I decided to bring together, in one “The Best…” list, my picks for The Best “Fun” Sites You Can Use For Learning, Too. These are websites that were not designed with education in mind, but which can easily be used for learning purposes — particularly, though not exclusively, for English language development. I only hope that creators of “educational” content can learn from the qualities that make these sites so engaging.

Unlike many of my other lists, these sites are not ranked in order of preference.

Here are my choices of The Best “Fun” Sites You Can Use For Learning, Too:

There are several sites that allow you to write in commands that a person or animal will then perform for you. They offer excellent opportunities for English Language Learners to practice vocabulary. The most famous first example was Subservient Chicken, a marketing tool by Burger King in 2004 that is still active. You can direct a person in a detailed chicken costume at their site. At I Do Dog Tricks you can do the same to a cute little dog.

However, the best and most ambitious site of this kind is without a doubt Family Friendly Simon Sez Santa. Its supply of commands is much, much greater than the other two, and each year additional ones are added.

I’ve posted and written a lot about how I use online video games with my students by having them work in small groups with instructions (called “Walkthroughs”) on how to beat the game. There are several that are my, and my students’, favorites. These include Phantasy Quest, where you are stranded on a deserted island (here’s the Walkthrough); Sound Factory, where you get to play a musical factory worker and can save and post your final composition (here’s the Walkthrough); and all the games created by Bart Bonte (you can find the Walkthroughs for his games, and many others, on my website under Word and Video Games).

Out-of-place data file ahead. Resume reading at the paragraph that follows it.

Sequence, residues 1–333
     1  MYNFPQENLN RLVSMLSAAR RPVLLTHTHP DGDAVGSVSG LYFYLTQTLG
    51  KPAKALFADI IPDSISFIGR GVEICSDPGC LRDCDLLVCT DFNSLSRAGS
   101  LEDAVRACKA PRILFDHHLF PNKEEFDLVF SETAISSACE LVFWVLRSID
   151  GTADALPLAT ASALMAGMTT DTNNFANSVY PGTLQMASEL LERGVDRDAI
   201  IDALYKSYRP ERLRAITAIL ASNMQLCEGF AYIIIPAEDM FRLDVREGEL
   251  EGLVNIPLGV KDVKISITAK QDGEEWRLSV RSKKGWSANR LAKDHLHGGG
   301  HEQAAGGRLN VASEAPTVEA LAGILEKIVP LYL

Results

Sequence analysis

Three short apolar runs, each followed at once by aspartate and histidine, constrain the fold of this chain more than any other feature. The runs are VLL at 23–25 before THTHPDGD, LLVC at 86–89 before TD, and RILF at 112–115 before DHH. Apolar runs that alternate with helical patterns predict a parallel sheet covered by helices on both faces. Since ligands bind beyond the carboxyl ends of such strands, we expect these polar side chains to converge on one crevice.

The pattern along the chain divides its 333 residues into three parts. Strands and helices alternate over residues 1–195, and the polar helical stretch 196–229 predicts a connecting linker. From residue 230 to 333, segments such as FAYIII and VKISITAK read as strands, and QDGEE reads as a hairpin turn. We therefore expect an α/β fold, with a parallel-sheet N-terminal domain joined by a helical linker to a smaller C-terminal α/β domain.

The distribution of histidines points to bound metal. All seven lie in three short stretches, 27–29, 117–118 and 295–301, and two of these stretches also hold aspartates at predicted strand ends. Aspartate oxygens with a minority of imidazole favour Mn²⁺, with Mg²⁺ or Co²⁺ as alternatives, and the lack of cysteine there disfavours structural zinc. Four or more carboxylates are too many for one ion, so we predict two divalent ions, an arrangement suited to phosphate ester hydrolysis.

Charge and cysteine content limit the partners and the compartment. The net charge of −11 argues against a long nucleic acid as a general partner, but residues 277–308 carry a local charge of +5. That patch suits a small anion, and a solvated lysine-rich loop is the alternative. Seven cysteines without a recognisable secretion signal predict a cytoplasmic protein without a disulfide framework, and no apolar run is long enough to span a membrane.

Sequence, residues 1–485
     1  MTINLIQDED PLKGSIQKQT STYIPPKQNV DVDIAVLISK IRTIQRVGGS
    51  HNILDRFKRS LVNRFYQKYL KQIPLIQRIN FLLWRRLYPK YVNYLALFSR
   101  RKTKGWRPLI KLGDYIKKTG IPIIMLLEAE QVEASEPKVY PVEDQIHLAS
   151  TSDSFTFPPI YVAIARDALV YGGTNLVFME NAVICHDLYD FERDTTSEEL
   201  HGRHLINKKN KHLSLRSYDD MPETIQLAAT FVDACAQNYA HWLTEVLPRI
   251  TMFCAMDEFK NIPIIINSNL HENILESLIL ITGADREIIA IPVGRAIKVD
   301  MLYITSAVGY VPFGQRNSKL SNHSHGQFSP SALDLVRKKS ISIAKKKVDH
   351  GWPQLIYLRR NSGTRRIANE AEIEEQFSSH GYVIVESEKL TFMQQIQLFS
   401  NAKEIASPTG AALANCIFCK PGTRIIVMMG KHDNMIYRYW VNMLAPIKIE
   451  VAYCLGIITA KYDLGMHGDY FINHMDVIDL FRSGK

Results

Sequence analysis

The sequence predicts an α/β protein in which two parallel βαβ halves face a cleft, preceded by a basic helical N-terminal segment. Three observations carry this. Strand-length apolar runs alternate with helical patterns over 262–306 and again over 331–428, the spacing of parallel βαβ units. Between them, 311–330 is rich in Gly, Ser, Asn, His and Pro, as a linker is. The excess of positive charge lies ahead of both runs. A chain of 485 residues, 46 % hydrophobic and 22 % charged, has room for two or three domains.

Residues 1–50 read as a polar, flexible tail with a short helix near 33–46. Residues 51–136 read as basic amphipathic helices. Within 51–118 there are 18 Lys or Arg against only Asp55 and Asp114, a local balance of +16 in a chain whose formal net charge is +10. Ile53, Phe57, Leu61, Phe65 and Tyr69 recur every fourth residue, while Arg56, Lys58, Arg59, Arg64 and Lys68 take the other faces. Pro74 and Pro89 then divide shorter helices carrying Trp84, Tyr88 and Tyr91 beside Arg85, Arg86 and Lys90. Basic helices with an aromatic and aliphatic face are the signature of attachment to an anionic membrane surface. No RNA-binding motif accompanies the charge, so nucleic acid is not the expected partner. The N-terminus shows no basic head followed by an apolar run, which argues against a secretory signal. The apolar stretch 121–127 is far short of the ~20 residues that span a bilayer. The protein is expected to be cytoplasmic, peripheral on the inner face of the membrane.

Free Rider 2 is another fun game that apparently can teach some physics. I like it because students can save what they’ve played and write about it. You can see instructions on how that works here.

There are a couple of intriguing sites that work well for vocabulary development — one is called Willing To Try and the other Color In Motion. Instead of giving a lengthy explanation here of what they do, I’d suggest reading my previous posts about them here and here.

You can design, save, and post a zillion dancing people at Pictaps. More importantly for English Language Learners, after they use the site they can write and talk about their creation.

Viscosity is just about the most engaging site on the Web to create art, save it, and then write about it. It’s worth looking at a screencast showing how to use it.

Writing subtitles for over-the-top Bollywood movies is a lot of fun at Bombay TV. You can then email the url to a friend or post it on your blog or online journal.

Have the monster of your choice send a message to a friend at the Halloween Card Creator.

Lastly, I’ve written about how I use viral marketing with my students. These are entertaining online gimmicks designed to advertise certain products. The two best ones, I think, are sites that allow you to use a text-to-speech feature to let eggs of your choice speak and the famous Monk-e-Mail, where you can dress-up a monkey and have him/her communicate a message.

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